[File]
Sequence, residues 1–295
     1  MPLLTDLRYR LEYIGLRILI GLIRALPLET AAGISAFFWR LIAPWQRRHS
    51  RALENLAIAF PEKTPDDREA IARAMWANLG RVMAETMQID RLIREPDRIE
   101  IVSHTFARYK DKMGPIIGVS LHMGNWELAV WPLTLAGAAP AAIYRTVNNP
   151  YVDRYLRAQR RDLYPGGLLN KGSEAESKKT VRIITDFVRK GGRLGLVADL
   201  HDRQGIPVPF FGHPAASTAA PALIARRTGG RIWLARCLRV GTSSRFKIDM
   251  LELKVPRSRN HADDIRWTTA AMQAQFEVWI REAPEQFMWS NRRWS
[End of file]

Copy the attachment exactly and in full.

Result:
Sequence, residues 1–295
     1  MPLLTDLRYR LEYIGLRILI GLIRALPLET AAGISAFFWR LIAPWQRRHS
    51  RALENLAIAF PEKTPDDREA IARAMWANLG RVMAETMQID RLIREPDRIE
   101  IVSHTFARYK DKMGPIIGVS LHMGNWELAV WPLTLAGAAP AAIYRTVNNP
   151  YVDRYLRAQR RDLYPGGLLN KGSEAESKKT VRIITDFVRK GGRLGLVADL
   201  HDRQGIPVPF FGHPAASTAA PALIARRTGG RIWLARCLRV GTSSRFKIDM
   251  LELKVPRSRN HADDIRWTTA AMQAQFEVWI REAPEQFMWS NRRWS